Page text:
How Should I pay back My Life Insurance Loan?
Life insurance policy loans don’t have a specified repayment period, which means you can take as long as you want to repay the loan. However, interest accumulates on the loan over time, so it’s best to repay the loan in a timely manner to avoid any negative consequences.
Most insurance professionals recommend setting up a personal schedule for repaying your loan that fits within your budget. Generally, the insurance company will provide a method to make payments outside of your normal insurance premium.
If you have more than one outstanding loan, we recommend that you keep track of each one and make your payments accordingly. Your insurance company will send you an annual statement for your account that will illustrate outstanding loans, amounts repaid, and interest that has been charged for the loan.
What are the Pros and Cons of Borrowing Money from a Life Insurance Policy?
If you are considering borrowing money from your permanent life insurance policy, you should consider these pros and cons and also have a frank discussion with your insurance professional.
- Borrow for any reason: You do not have to have a particular reason to borrow money against your policy. You can use the funds you borrow as you see fit.
- A credit check is not required: Since your loan is from the life insurance company and is 100% collateralized with the funds in your cash value account, you’ll not be subject to any credit check to qualify for your loan.
- Competitive interest rates: Your insurance policy loan is considered a lower-interest financing option. Since the rates are generally between 5% and 8% they are competitive with typical lenders and you never have to jump through the hoops of a typical underwriting process.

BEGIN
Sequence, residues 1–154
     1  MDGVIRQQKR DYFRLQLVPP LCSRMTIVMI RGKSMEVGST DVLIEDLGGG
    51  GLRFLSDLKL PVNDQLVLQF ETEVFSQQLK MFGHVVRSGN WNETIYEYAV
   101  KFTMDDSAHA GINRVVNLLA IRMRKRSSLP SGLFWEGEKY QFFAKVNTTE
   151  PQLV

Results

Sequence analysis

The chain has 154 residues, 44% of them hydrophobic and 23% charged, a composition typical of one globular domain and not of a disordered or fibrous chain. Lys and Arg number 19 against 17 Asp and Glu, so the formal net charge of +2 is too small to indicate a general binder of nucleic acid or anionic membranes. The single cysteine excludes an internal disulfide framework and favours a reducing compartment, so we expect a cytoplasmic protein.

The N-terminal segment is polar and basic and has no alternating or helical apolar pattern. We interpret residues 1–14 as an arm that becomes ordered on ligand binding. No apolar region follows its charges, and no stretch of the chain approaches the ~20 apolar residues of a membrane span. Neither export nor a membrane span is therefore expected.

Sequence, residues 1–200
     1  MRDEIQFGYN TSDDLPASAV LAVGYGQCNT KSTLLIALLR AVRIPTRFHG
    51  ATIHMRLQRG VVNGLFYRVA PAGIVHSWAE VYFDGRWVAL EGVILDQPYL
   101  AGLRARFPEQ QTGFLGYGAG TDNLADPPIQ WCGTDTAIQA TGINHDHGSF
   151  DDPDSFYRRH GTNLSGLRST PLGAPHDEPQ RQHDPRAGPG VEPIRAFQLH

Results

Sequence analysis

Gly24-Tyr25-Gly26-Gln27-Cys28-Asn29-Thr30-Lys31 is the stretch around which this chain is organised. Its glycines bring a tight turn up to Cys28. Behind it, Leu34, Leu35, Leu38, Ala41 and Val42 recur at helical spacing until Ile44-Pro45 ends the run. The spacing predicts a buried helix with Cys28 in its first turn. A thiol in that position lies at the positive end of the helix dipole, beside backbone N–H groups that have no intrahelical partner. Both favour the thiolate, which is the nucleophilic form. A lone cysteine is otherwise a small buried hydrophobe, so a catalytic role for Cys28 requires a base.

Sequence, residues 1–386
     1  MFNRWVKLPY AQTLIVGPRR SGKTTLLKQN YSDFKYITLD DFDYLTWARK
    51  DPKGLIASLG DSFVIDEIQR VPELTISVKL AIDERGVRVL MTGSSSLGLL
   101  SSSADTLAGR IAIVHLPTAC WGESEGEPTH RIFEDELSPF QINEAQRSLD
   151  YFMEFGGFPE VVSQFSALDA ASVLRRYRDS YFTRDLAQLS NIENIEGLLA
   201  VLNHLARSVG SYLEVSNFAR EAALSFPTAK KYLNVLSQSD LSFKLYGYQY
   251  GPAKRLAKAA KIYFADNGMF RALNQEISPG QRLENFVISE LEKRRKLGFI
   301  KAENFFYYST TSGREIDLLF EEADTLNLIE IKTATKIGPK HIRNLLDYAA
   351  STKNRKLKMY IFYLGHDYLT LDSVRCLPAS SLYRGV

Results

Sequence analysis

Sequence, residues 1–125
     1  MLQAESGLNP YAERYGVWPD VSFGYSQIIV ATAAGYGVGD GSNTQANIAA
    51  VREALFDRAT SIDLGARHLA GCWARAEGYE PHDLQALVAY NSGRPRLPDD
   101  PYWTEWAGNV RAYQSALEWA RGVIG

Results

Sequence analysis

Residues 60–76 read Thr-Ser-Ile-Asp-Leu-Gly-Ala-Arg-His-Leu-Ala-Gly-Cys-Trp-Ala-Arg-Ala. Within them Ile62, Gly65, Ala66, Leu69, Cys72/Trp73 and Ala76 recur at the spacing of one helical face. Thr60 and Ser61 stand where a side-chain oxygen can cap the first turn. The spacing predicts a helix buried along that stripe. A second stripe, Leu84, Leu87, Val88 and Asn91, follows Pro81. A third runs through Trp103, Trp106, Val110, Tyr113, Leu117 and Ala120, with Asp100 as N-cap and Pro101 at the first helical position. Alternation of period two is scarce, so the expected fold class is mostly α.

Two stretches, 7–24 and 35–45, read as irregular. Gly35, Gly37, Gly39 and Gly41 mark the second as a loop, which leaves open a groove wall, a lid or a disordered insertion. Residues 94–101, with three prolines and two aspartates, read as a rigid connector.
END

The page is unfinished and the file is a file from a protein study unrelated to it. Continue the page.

- You set the repayment schedule: Since there is no formal repayment schedule, you can pay back the loan when it’s convenient for you or not pay it back at all.
- No Impact on your cash value account: Although your cash value account is collateralized to cover your loan, the account continues to earn interest and dividends which can easily offset the interest you’ll pay.
- Minimum cash value requirement needed: You need to have enough money in your cash account before you can borrow against it. This can take considerable time if you’re making only minimum payments. Your policy’s illustration will provide an accurate indication of when you can start dipping into your cash value account.
- Limited Loan Amount: Your insurance company will limit the amount you borrow to about 90% of your cash value at the time of the loan.
- Impact on the death benefit: Since your loan is collateralized by your cash value account, if you die with an outstanding loan balance, that amount will be deducted from your beneficiary’s death benefit.
- The risk of a policy lapsing: Although you are not required to repay your loan according to a set schedule, interest will continue to accrue and the insurer will still charge for policy expenses. Failure to repay the loan may cause the policy to lapse, requiring you to pay premiums in order to keep it in force.
Frequently Asked Questions
If you are considering taking a loan out on your life insurance policy, by all means, CALL YOUR INSURANCE COMPANY.
If you are considering purchasing life insurance and you want to be able to access the cash value through policy loans, call the experts at LifeInsure.com for expert advice and a free no-obligation quote.